Most Americans will naturally attribute the price increase of Chinese imports to the price hikes in China. However, this is not the case. Many people fail to notice that the price increase of Chinese commodities is actually the result of the appreciation of the Chinese currency. Fu Yong, from the China Center For Economic Research of Fudan University, noted in Shanghai Securities News that the United States should prepare to pay the price as a result of inflationary pressure caused by the sharp renminbi appreciation. Excerpts follow:
Americans are used to buying cheap Chinese products, but recently they have noticed some unpleasant changes. May 2007 saw a negative-to-positive change in the average price index for Chinese imports, the first time since 2004. This index increased by 0.6 percent in June. Many people blame this on the price increase in Chinese domestic commodities. There seemed to be clear evidence of this: In May, China's consumer price index growth hit a 27-month high and it continued to climb to 4.4 percent in June and 5.6 percent in July. Many people believe that the price increase in China is spreading globally, and this is becoming an unstable factor for the world economy.
However, this is actually not the case. As far as the United States is concerned, whether Chinese products will boost U.S. commodity prices does not lie in the price change in Chinese commodities, but in how much the prices of Chinese commodities have changed compared to the prices of commodities worldwide. The reason why Chinese commodities can curb world inflation is not that the commodity prices are dropping, but that compared with commodities from other countries, they are much cheaper and are grabbing more market shares in the United States.
In this sense, even if relative prices of Chinese exports begin to rise, as long as the absolute prices are below the world average and as long as Chinese commodities maintain a rise in market share, importing Chinese commodities can help curb U.S. inflation. The Americans must make it clear that what may cause inflation is not the small price increase of Chinese commodities, but their demand for the revaluation of the Chinese currency and their claim to conduct protectionism against China. Such shortsighted actions will eventually make it impossible for them to buy cheap quality Chinese products, something which will affect the average American and increase inflation.
The price increase of China's export commodities does not mean an increase in production costs. What China lacks currently is skilled managers and experienced labor, but it must be made clear that China is the most human resource-rich country in the world. This will not change for at least another two decades. It will take the non-agricultural sectors some time to develop, before Chinese cities can absorb the large amount of rural migrants.
It's necessary to treat the current wage increase in China with care. Wage increases may result from a rising labor cost or a rising productivity of labor. In 2006, Chinese workers had an average wage increase of 15 percent, but when workers begin to move toward higher value-added sectors, the labor productivity will rise sharply. Labor costs, China's biggest advantage, are not waning. Therefore, a commodity price increase that results from the rising labor productivity and added value should not be read as the evidence of the decline of labor resources. That is to say, the price rise of Chinese commodities should not be blamed on the growing labor cost.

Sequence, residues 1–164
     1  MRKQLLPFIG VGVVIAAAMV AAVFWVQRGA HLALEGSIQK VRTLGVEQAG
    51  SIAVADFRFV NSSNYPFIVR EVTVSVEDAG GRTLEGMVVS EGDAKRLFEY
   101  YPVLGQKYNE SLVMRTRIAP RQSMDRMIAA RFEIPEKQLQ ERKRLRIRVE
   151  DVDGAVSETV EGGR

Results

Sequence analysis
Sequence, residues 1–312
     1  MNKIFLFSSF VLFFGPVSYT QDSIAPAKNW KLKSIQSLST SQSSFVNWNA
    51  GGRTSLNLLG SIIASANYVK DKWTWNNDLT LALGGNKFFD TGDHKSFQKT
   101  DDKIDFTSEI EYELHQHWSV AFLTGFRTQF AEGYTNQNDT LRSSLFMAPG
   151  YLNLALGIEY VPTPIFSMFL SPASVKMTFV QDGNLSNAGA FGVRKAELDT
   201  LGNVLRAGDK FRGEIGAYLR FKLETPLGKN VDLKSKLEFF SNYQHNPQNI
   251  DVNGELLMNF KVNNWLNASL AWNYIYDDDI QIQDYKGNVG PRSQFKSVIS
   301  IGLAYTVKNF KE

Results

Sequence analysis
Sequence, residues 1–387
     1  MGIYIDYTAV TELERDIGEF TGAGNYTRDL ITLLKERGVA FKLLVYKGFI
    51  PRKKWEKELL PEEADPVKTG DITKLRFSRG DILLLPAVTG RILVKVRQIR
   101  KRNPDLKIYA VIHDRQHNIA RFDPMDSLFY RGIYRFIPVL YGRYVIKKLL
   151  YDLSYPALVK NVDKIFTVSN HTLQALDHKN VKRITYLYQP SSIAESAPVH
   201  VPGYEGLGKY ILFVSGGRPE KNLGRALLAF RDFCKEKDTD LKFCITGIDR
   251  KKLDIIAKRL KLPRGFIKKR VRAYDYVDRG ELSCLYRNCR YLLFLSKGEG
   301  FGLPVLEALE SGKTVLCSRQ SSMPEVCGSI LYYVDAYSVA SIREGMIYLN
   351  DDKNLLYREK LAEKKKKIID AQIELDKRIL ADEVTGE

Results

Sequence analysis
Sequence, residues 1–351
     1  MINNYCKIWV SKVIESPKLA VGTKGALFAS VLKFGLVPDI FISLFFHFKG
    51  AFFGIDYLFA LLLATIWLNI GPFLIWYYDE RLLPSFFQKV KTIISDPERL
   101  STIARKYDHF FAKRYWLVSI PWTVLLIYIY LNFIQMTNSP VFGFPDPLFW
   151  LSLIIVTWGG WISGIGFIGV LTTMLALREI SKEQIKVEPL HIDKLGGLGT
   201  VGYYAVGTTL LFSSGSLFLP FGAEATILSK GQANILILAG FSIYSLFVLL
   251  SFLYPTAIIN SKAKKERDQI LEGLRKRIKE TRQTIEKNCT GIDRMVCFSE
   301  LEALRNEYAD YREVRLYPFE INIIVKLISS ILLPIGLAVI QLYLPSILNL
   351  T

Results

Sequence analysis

The real reason for rising prices of Chinese exports lies in the renminbi's rising value against the greenback. The dollar has, in recent years, entered into a devaluation spiral. As a result, since 2006, the price of imports from most countries, especially from Europe, has risen. Since China reformed its exchange rate formation mechanisms in July 2005, the Chinese currency has appreciated 9 percent against the U.S. dollar. As for such low-profit commodities as toys and clothes, Chinese enterprises have to raise prices in dollar terms. Statistics from Lehman Brothers Holdings show that in the first half of 2007, the dollar price of exported Chinese clothes rose 4 percent, generally the same as the appreciation rate of the renminbi.
As a matter of fact, excluding the influence of a stronger yuan, on the whole, the cost of China's manufacturing industry and the export price are declining. In other words, the price of Chinese exports remains static when the calculation is done in local currency, because it is the appreciation of the renminbi that pushes up commodity prices in dollar terms. At present, the growth of the consumer price index in China is totally the result of the price increase in foodstuff, but this will not affect export prices. From this perspective, if China begins to appreciate its currency because of U.S. pressure, it is the Americans who will bear the high commodity prices and greater inflation pressure.